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Chipperfield: backing campaign is like 'voting for good weather'

David Chipperfield has issued a rallying call to the profession to support the AJ’s and The Observer’s new joint campaign to stop poorly designed towers ruining London’s skyline

More than 230 tall buildings are currently consented or proposed across the capital but many are insensitive to their surroundings and have been designed without proper concern for their collective impact, the Skyline campaign argues.

Chipperfield – an RIBA Gold Medallist whose firm is behind the controversial high-rise scheme Elizabeth House on the South Bank - said the campaign was not against skyscrapers but instead argued for a clearer planning system.

He said: ‘Everybody should support this campaign. It’s simply saying that there should be a more co-ordinated planning system in London. Backing it is like voting for good weather.   I don’t think anybody, including developers, enjoys the current [planning] conditions.

He added: ‘Something like Elizabeth House has involved a huge amount of to-ing and fro-ing and better guidance would have been appreciated by everyone. The skyline is the most visible expression of what happens when a city has no overall co-ordinated planning vision.

‘After Thatcher, a view emerged that the market should tell you what your city would look like. Calling planning officers development control officers is part of that.’

Since Sunday when the Observer launched the campaign, RIBA president Stephen Hodder has thrown his weight behind the campaign as have former presidents Angela Brady and Marco Goldschmied.

Other figures to have signed up include philosopher Alain de Botton,  London MPs Tessa Jowell and David Lammy and TV presenter Kevin McCloud.

McCloud said: ‘It’s important that we distinguish between the very controlled, high-rise development in areas like the City and Canary Wharf, with the relatively untrammelled rash of speculative development that has already started to spring up in many other London boroughs, especially along the river.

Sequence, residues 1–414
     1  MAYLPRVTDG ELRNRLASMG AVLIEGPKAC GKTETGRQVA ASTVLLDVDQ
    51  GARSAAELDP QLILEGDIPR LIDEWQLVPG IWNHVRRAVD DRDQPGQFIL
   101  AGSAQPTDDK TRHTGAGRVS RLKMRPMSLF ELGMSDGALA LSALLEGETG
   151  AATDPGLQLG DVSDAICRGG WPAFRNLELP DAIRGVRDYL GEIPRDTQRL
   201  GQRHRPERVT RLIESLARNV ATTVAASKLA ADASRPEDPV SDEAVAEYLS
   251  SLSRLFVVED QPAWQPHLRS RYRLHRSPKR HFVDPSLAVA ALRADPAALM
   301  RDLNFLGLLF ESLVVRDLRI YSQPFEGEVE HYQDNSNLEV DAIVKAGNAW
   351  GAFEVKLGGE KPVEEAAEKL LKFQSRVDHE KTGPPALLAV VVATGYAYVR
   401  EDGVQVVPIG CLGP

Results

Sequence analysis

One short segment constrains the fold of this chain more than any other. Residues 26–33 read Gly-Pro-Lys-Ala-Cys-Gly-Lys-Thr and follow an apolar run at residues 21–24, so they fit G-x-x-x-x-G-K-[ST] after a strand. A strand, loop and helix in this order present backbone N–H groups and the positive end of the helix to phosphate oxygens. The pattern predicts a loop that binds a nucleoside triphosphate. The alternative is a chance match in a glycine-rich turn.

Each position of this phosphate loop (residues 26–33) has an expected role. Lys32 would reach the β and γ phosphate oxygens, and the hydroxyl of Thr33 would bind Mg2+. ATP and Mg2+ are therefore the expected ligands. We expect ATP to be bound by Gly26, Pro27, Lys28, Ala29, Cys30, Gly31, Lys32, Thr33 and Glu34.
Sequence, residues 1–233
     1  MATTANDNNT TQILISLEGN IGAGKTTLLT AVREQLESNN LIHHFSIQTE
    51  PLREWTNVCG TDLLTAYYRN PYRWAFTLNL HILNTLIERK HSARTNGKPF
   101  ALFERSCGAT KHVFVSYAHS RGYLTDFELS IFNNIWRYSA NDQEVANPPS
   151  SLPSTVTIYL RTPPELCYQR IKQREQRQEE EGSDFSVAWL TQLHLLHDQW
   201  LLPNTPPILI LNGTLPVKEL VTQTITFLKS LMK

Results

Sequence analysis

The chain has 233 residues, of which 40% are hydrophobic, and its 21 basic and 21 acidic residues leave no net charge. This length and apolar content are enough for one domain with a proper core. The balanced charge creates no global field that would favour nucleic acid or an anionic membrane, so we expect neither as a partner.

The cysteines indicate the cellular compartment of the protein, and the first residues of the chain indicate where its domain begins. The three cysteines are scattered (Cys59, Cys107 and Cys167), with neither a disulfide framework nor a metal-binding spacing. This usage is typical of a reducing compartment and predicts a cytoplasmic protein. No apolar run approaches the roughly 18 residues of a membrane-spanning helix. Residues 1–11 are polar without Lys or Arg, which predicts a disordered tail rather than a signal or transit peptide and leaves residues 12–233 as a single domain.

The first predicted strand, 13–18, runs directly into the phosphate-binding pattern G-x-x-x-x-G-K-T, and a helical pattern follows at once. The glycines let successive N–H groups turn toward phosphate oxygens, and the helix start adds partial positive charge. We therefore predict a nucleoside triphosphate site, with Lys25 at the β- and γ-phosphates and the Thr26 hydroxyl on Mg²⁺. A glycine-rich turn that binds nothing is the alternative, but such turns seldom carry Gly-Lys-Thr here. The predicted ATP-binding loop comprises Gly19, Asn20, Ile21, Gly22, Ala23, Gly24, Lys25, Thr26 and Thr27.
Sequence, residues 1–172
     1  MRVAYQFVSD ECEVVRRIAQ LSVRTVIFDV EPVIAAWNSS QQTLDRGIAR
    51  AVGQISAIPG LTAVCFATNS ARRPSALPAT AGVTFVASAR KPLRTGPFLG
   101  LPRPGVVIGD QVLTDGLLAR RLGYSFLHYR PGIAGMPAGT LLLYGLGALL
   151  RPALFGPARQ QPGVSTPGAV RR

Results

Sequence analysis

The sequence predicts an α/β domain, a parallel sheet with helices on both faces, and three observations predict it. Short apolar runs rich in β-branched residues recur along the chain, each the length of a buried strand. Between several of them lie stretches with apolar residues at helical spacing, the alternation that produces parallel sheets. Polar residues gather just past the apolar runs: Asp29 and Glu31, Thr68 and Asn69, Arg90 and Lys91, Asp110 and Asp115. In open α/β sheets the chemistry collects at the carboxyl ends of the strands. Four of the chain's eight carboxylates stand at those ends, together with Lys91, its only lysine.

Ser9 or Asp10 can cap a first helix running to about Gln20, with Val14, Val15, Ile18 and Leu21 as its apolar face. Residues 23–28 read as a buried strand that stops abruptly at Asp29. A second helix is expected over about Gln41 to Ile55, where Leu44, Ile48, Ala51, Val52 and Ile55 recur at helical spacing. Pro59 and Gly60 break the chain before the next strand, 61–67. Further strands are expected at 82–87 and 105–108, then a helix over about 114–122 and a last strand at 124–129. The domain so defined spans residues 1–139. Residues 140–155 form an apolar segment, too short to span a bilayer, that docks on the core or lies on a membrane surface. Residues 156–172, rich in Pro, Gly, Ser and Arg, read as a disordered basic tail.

‘London is changing too fast for many of us – including some planning departments – to be able to control.’

Observer critic Rowan Moore – who devised the campaign alongside the AJ – said it was about supporting quality towers in the right location.

He said: ‘Those with power and responsibility – the Communities Secretary and his ministers, the Mayor, and the boroughs – must wake up to the risk of irreversible harm that London is facing, and take effective action. ‘

The campaign supports New London Architecture boss Peter Murray’s call for a new mayoral Skyline Commission ‘to review and enable well-designed development’ as well as calling for a more structured, defined and considered policy for tall buildings, with transparency for the public and clarity for developers.

A spokesman for London mayor Boris Johnson said: ‘The Mayor needs to balance an array of challenges and competing interests across a rapidly growing city. He recognises the concerns around the architecture of London’s skyline, but tall buildings, beautifully designed in the right location, and in harmony with their surroundings help to meet the challenge of a rapidly growing city.

‘The Mayor is looking at the idea of a skyline commission but he’d urge those behind this new group to first study the London Plan and its alterations, and then to engage with the Mayor’s Design Advisory Group which already brings together some of the most distinguished names in this field.’

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